This forum is collecting resource suggestions. Lesson plans and ideas for specific Bible stories are organized by story in the Lesson Forum. Post lesson and resource questions in the Teachers Lounge.

Bible Recommendations for Children and Sunday School
and Presenting Bibles to Children

Please offer your recommendation for Bibles for children. List title, publisher, age group, and WHY you think it is a good recommendation.

Please also share how you "present" Bibles to children.

See the "related links" below for "Storybook" Bible topics.

Weblinks tend to go out of date, as do some products, but many of the really good Bibles for children stick around. The Christian publishing world also comes up with new formats built around popular translations. The following discussion reflects both newer and older recommendations.



Point of view: 

While most churches have a "preferred" or "approved" version of scripture they want Sunday School to use, today's Sunday School teachers are taking advantage of a wide variety of published Bibles and Bible storybooks for younger AND older children. Most Sunday Schools end up creating a "library" of Bibles and storybooks to draw upon. And some are introducing digital Bibles in their lesson repertoire -- which in the "Age of the Smartphone" and web-based learning is a great idea.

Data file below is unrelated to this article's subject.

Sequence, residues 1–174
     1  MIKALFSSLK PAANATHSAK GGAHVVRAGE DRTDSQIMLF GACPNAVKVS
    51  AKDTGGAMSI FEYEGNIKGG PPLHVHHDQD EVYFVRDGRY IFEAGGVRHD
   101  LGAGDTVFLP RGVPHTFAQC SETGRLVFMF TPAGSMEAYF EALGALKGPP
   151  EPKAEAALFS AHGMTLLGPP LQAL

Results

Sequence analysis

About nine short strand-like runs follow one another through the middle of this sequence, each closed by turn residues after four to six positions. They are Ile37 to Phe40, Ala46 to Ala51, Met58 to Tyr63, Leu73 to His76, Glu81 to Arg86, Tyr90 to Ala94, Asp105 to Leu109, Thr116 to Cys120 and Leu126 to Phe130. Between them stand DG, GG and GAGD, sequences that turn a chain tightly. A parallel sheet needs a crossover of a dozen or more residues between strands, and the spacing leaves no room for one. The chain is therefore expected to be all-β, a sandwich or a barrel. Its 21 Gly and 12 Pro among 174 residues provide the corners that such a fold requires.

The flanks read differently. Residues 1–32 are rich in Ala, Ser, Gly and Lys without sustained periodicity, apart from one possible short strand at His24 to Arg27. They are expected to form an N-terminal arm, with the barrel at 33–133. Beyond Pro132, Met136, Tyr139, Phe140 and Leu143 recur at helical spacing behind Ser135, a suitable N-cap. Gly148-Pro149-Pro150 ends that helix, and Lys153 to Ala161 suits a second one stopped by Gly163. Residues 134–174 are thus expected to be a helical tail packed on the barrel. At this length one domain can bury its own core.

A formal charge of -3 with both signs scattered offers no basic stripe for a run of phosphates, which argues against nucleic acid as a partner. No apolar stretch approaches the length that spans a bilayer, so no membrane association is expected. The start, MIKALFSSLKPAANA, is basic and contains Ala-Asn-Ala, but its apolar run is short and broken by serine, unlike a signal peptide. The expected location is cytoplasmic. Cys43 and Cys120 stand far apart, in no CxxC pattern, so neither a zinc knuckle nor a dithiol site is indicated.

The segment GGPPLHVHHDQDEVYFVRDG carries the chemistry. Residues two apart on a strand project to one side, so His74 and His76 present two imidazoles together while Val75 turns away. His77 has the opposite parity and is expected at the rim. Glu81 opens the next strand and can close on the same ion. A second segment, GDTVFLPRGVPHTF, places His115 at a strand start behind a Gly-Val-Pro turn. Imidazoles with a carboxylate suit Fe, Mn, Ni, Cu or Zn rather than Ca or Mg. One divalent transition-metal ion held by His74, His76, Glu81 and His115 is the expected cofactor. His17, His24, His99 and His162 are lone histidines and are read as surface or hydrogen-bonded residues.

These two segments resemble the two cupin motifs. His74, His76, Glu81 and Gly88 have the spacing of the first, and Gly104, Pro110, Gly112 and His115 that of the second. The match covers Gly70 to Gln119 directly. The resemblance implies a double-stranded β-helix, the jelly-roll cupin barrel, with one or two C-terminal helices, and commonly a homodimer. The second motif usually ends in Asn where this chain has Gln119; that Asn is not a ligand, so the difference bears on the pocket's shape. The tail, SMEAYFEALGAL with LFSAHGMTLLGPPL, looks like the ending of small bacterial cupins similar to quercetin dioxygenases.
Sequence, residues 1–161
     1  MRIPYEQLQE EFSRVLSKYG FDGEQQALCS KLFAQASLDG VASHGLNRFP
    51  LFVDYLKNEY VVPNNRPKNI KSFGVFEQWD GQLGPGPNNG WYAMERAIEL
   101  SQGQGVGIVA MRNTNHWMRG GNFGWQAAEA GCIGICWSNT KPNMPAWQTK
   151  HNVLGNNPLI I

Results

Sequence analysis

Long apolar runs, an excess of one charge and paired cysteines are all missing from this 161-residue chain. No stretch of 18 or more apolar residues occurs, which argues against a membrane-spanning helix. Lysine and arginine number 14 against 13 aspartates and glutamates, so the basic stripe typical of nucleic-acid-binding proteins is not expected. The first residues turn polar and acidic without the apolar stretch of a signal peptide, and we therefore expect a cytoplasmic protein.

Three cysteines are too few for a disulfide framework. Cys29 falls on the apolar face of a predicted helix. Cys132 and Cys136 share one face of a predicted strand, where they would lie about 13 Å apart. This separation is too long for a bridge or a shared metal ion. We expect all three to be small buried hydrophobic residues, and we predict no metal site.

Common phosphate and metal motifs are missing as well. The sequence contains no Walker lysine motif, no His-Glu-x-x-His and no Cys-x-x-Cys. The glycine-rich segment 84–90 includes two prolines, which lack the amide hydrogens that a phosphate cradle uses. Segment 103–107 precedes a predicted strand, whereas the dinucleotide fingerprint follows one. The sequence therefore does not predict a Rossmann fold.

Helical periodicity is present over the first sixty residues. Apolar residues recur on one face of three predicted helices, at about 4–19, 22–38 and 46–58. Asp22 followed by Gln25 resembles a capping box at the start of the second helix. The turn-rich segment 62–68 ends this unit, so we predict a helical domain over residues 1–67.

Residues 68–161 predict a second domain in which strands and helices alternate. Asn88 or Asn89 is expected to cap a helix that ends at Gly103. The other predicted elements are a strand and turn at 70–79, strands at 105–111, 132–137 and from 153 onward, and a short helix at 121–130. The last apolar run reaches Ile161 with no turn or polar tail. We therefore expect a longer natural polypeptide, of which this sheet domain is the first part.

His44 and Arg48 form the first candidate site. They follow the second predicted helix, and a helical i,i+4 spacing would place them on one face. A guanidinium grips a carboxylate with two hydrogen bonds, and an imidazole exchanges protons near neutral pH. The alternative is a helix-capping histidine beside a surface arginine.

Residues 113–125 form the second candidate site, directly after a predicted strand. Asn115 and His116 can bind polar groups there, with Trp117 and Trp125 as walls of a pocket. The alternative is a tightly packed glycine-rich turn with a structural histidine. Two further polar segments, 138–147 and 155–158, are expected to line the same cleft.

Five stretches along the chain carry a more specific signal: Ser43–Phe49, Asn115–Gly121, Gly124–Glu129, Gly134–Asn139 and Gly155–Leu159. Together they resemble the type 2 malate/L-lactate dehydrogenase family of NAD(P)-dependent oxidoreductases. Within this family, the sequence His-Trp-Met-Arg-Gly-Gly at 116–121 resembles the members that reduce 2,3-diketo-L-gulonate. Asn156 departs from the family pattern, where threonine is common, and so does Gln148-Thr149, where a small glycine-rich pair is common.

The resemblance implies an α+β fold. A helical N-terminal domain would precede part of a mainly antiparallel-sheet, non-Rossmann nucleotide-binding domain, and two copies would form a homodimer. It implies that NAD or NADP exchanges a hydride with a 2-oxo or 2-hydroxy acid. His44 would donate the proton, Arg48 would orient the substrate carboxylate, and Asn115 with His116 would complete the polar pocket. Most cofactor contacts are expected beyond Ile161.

RELATED TOPICS

"Storybook" Bibles for Older Children, for Younger Children

"Creative ways to read the Bible with children."

Last edited by Neil MacQueen
Original Post

Wondering About Translation Choices?
Some thoughts from me...

My church is an NRSV church. But the NRSV isn't always the best choice for kids, and never was intended for their reading level. My third graders stumble through it, as do some of my older kids.

The popular CEV (Common English Version) is a simpler version, but there are still some passages that are just too difficult or long for kids without some editorial/paraphrasing. Others similar to the CEV are the Good News Bible and New Living Translation.  That said, I tend to prefer the Good News Translation for kids. It is modern English aimed about a sixth grade reading level, and it also tries to preserve key verses in their most memorable and or popular forms that the kids will hear them over the course of their lives.